Australia’s housing market is expected to fall 18 percent, according to a major bank, and new data shows Sydney and Melbourne joining regional areas in the slide.
- ANZ projects house prices to fall by 18 percent in 2022-23 before a 5 percent rebound in late 2024
- The bank says the projection is mainly due to reduced borrowing capacity from rising interest rates
- CoreLogic says some high-end regional real estate markets are already falling and other areas will follow
The prediction of an 18 percent collapse in house prices comes from ANZ, which slightly increased its forecast fall on the back of aggressive Reserve Bank rate hikes.
Economists at ANZ expect the RBA to raise its interest rate target to 3.35 percent before the end of the year, which would bring typical adjustable-rate mortgage rates close to 6 percent.
“We expect prices in the capital to fall 18 per cent compared to 2022 and 2023, before rising 5 per cent in 2024 on falling mortgage rates,” wrote Felicity Emmett and Adelaide Timbrell, senior economists at ANZ.
“The biggest factor driving prices down is reduced borrowing capacity, not an increase in forced sales.
“Definition rates are coming from a very low base, households have built up large liquidity buffers, and the increase in the share of loans in negative equity is expected to be modest.”
Economists pointed to a sharp reduction in maximum loan sizes as banks test whether mortgage applicants can service their loans at much higher interest rates than earlier this year.
“Our forecast that the policy rate will reach 3.35 percent represents a nearly 30 percent reduction in borrowing capacity,” they noted.
“This lower ability to pay will drive prices down in the coming months.
ANZ’s forecast is in line with other major financial institutions, with Commonwealth Bank economists expecting a fall of at least 15 percent even if the RBA cash rate only meets the CBA’s forecast of 2.6 percent.
ANZ economists said a tight rental market, rising immigration and low unemployment would help moderate the decline, but it would take a forecast cut in interest rates to see the market reverse.
“In 2024 we expect the start of a recovery in property prices, along with interest rate cuts in the second half of the year. We expect prices to rise about 5 percent in 2024,” the economists added.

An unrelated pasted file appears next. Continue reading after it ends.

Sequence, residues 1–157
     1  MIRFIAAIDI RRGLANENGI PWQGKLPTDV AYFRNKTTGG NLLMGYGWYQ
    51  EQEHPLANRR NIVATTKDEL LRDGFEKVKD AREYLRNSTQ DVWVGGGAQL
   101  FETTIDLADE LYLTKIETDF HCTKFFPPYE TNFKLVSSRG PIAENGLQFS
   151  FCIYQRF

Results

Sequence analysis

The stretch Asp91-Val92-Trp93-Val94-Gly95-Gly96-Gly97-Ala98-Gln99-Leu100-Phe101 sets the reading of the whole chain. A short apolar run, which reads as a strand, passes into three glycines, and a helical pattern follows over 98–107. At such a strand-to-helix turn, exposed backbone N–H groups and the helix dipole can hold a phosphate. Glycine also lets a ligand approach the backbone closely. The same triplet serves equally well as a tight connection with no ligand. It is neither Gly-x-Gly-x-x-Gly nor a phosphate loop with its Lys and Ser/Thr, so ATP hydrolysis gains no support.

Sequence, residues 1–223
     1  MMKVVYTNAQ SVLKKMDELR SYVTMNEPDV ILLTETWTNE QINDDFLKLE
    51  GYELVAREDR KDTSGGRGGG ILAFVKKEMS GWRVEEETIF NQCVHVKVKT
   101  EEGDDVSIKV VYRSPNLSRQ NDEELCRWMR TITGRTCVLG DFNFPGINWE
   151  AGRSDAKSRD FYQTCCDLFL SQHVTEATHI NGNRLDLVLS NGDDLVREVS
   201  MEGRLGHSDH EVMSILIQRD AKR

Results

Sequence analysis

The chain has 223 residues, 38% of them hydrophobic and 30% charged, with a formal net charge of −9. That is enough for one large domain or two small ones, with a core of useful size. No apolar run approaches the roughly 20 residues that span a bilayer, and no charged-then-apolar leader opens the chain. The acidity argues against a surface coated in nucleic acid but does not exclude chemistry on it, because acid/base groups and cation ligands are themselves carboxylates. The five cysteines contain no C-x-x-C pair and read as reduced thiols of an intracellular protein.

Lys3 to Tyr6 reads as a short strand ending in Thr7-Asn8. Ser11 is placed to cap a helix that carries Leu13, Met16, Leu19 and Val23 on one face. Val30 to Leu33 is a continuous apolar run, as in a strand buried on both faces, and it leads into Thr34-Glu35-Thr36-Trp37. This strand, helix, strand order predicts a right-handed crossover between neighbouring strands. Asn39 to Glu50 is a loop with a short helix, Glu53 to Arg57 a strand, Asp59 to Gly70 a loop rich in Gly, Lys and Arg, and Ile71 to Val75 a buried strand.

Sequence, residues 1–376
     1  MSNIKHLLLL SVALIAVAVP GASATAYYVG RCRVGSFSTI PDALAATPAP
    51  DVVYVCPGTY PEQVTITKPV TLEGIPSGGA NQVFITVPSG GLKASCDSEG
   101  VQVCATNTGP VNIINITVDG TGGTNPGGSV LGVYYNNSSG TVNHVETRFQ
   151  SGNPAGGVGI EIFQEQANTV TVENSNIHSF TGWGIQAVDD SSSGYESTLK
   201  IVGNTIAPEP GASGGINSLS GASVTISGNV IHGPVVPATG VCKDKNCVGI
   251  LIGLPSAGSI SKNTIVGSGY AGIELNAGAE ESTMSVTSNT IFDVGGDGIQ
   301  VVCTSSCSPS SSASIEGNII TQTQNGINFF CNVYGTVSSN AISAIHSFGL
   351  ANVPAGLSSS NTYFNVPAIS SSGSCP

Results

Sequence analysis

They forecast the biggest declines this year in Sydney and Melbourne, the most expensive capital markets and therefore hardest hit by the impact of reduced maximum home loans.
“Regional prices appear to have peaked”
As with the smaller capitals, ANZ expects the rise in interest rates and the reduction in borrowing capacity to eventually hit previously buoyant regional housing markets.
New data from CoreLogic suggests this is already happening in some of the pricier regional areas, where reductions in maximum borrowing due to rising interest rates are again having the biggest impact.
The real estate research firm said the largest quarterly declines in home values were in the Richmond-Tweed area (-4.5 percent), followed by Illawarra (-3.5 percent) and Southern Highlands and Shoalhaven (-3.0 percent). all in NSW, with the latter two areas within two hours’ drive of Sydney.
South East Queensland’s two main regional lifestyle markets, the Sunshine Coast and the Gold Coast, also saw home values fall by -2.5 and -1.2 percent, respectively, over the past three months.
“Typically, higher median markets tend to lead the broader market as they move through different cycles,” said CoreLogic economist Kaytlin Ezzy.
“Having recorded some of the strongest increases in value during the COVID period, each of these areas now has a median home value in excess of $1 million.
“As we move further into the downside of the cycle, we would expect this fall in value to spread to more regional areas.”
Over the past year through July, regional markets have seen house prices rise 17 percent on average versus a 5.4 percent rise in the capitals, where major markets like Sydney and Melbourne were already falling from their pandemic peaks.
CoreLogic said that NSW’s Riverina region was the best-performing regional home market with annual growth of 27.8 percent, followed by Queensland’s Wide Bay (up 26.8 percent) and NSW’s New England and North West (up 26.4 percent). .
Ms Ezzy said she expected the decline to spread to regional markets but perhaps not as severe as in some capital cities.
“It’s possible that the regional areas are a bit more isolated than the capital cities thanks to the relative affordability of these markets and the low advertised levels of supply,” she explained.